13. Advice for the junior person in your field, crowdsourced by you from your network. No lecturing by you alone.
  14. Advice for the senior person in your field, ditto.
  15. Someone you've met (Twitter doesn't count for this) who has inspired you, and how that takes shape in your work.
  16. Someone you haven't met who has inspired you, and how that takes shape in your work.
  17. An experience meeting someone in real life whom you met online first, and what that was like.
  18. What kinds of conferences or training you attend, and whether they're worth it. We just don't share enough of this information and it's part of your expertise.
  19. Your list of go-to, quick content you can draw on at any time, and how you use it. That might mean jokes for speechwriters, inspiration for artists, word prompts for writers, anything.
  20. What you pack for a business trip. This must include video of the packing, please, and links to your gadgets and must-haves. It doesn't matter what you do for a living.
  21. Who's your dream team? Play the equivalent of fantasy football in your field, but with people you actually know, rather than celebrities. Can you populate a communications office or development crew or programming team for us? And link to their LinkedIn profiles while you're at it?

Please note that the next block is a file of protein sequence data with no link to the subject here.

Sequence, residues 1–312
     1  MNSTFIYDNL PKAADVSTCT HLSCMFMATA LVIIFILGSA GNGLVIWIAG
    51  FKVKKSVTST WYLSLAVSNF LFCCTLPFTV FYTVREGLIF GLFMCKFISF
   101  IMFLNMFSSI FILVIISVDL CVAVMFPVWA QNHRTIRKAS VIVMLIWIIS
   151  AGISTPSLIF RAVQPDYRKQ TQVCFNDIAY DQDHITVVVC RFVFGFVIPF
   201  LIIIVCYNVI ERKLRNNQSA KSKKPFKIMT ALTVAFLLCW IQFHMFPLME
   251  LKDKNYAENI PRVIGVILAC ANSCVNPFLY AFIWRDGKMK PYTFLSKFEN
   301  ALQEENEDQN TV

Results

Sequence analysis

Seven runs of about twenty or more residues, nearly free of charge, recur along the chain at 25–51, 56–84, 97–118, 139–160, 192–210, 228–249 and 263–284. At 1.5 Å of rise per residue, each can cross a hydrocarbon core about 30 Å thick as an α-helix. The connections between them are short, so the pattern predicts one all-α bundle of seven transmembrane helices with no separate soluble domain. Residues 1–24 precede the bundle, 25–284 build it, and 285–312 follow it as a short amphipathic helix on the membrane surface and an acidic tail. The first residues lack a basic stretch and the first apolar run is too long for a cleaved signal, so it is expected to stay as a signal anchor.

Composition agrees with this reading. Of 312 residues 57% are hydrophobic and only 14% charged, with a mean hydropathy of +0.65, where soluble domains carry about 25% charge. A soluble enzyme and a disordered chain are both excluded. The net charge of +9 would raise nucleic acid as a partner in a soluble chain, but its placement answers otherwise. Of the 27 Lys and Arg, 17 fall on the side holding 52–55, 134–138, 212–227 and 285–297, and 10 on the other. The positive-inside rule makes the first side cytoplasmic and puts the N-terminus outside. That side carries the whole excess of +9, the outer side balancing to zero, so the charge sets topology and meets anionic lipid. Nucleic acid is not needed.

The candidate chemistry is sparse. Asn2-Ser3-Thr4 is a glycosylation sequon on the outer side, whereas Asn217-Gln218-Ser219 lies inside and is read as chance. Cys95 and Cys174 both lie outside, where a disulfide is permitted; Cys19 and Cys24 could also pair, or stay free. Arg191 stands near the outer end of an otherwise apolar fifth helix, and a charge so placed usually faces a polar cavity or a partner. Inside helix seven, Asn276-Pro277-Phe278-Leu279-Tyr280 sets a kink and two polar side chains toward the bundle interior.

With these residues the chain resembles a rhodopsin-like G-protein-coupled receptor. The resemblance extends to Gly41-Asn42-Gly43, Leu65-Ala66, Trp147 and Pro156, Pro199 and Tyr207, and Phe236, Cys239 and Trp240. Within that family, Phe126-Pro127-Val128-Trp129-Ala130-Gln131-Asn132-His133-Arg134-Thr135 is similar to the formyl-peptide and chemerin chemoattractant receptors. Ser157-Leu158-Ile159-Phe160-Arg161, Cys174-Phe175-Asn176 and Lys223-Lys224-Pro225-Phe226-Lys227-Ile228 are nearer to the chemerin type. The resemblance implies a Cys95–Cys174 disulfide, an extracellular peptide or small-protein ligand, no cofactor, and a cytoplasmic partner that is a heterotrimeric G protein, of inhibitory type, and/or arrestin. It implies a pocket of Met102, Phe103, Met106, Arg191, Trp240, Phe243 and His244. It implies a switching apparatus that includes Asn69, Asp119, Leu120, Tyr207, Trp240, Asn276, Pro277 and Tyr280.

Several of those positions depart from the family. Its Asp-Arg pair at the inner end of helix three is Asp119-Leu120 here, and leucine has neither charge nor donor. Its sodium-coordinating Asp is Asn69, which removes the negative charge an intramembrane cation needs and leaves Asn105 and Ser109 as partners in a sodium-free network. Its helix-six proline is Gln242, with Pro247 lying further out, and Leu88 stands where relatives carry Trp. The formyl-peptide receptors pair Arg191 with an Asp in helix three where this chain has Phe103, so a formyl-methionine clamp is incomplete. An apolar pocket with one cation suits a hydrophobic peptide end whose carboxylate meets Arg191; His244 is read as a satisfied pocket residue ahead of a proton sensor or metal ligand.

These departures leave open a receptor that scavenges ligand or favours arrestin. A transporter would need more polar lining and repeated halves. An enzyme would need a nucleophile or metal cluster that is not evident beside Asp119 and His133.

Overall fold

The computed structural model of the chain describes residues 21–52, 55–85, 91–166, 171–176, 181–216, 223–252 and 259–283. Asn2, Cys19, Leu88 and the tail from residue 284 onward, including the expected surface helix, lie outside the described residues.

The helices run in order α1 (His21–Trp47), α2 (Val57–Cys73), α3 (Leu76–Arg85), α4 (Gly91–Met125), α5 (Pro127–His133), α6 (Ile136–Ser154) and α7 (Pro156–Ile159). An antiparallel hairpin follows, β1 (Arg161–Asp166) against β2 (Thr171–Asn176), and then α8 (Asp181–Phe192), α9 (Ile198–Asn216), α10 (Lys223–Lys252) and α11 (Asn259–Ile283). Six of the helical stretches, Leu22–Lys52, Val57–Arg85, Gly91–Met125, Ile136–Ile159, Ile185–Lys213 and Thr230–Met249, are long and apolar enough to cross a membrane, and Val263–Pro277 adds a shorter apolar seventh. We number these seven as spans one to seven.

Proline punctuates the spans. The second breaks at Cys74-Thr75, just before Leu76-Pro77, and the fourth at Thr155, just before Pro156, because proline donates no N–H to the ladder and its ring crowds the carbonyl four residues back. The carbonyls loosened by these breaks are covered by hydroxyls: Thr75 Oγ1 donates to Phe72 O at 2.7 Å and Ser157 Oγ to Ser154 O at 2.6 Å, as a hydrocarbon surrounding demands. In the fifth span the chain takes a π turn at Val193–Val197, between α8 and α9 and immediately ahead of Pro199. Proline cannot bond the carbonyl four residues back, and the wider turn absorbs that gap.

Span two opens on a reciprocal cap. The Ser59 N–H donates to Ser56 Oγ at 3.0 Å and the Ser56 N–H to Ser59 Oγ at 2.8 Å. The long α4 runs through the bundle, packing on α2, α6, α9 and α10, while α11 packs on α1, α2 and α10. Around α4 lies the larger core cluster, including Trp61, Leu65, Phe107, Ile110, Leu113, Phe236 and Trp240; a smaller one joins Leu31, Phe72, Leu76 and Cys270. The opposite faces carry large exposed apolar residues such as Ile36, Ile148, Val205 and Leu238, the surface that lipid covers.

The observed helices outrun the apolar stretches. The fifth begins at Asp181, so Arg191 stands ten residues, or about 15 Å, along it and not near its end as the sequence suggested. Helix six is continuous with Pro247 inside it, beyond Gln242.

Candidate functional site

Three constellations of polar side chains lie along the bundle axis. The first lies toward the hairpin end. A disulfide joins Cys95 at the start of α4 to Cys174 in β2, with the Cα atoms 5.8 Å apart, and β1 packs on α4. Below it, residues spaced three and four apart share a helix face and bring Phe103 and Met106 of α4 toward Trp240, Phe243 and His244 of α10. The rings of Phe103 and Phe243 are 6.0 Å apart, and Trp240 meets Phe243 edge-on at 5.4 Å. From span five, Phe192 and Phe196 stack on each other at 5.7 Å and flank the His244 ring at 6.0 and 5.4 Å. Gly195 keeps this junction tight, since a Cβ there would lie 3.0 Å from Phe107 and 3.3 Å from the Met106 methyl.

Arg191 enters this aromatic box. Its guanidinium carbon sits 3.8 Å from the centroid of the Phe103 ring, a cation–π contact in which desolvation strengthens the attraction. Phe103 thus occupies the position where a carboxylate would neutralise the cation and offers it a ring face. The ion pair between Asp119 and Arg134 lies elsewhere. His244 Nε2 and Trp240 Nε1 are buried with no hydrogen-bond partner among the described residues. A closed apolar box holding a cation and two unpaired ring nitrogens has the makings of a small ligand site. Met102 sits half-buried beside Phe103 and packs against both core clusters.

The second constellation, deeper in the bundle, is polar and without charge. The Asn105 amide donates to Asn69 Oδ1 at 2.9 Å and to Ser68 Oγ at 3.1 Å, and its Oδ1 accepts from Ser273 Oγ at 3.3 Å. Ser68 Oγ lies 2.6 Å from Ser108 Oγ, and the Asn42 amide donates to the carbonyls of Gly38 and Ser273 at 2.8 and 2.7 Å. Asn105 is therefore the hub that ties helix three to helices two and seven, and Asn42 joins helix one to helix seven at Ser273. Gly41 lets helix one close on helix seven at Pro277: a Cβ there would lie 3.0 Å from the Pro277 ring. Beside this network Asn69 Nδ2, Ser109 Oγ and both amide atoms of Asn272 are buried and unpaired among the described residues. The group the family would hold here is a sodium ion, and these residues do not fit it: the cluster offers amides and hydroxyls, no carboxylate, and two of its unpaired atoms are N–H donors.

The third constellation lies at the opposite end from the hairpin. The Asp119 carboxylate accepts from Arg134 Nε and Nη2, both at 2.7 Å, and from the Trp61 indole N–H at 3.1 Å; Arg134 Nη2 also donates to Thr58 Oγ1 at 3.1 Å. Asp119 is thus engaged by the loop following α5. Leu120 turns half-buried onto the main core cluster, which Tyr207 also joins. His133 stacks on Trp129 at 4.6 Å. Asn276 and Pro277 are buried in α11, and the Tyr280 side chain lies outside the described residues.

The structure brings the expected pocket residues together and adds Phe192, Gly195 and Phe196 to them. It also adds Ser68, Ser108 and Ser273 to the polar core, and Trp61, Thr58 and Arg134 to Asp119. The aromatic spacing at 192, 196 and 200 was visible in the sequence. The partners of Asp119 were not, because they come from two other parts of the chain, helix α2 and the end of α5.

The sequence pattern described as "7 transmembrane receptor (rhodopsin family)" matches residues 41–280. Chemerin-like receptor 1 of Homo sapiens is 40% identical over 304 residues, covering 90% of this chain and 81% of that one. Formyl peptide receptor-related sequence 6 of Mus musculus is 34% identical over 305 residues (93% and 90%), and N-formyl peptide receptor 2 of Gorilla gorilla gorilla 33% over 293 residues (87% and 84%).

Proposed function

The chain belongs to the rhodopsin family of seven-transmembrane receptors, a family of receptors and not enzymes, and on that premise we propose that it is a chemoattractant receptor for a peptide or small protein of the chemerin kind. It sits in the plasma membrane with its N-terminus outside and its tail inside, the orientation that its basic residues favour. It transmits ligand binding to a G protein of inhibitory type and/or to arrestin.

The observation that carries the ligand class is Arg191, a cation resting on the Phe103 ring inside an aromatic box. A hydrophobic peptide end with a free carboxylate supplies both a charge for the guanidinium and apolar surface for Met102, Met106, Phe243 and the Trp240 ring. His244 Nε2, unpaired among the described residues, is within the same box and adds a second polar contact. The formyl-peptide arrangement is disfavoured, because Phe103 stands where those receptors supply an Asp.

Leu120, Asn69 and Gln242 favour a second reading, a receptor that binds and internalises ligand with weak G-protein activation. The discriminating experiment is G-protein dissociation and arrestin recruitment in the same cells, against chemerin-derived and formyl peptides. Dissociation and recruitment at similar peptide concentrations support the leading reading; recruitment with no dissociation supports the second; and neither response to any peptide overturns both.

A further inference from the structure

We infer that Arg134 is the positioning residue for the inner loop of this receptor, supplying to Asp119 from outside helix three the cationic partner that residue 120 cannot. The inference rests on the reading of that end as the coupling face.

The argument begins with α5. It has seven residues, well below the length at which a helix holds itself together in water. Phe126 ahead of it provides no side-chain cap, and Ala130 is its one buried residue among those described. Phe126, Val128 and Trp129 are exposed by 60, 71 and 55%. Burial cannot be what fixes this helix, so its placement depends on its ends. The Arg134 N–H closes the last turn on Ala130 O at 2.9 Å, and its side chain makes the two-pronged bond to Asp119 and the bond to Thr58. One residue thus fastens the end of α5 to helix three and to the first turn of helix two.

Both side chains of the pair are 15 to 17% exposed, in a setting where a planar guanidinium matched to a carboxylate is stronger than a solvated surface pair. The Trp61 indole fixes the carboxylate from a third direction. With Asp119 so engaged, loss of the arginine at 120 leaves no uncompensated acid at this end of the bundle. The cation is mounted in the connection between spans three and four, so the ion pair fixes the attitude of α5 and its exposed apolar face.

22. A recurring theme in your work that isn't about your work per se. Something you keep running into again and again, and your thoughts about that.
  23. The best example you've found of something, and why that is so. We're all looking for examples and use cases and stories.
  24. Redeem something that others scoff at in your field, but you support. Tell us why it's actually useful.
  25. Propose killing off something that's a staple in your field. Defend your thinking.
  26. Products and services that you use, and find useful. Add some links with free trials or other promos.
  27. Gadgets and tech that make your work easier. Tell us why, and how to find them.
  28. 3 rules of thumb that guide your work, or a specific type of task.
  29. Five blogs or Twitter accounts you follow, and what you get from them, and why you started following them. Has anything changed?
  30. Six things you can do in your field without much preparation. How did you learn to do that?
That's just scratching the surface. Go, now, and blog. Come back for reinforcement.

(Creative Commons licensed photo by Lhoretsë)

Friday, October 24, 2014

The weekend read

I'm in Amsterdam today for the European Speechwriters Network conference and looking forward to learning from my colleagues. But I still shared plenty of good leads and reads on Twitter, and I've curated them here for you, communicators. Call it your canal to the weekend:
No matter where in the world I am, I'm glad we can meet up here on Fridays. Have a great weekend!

Tuesday, October 21, 2014

Is your social media style open or closed?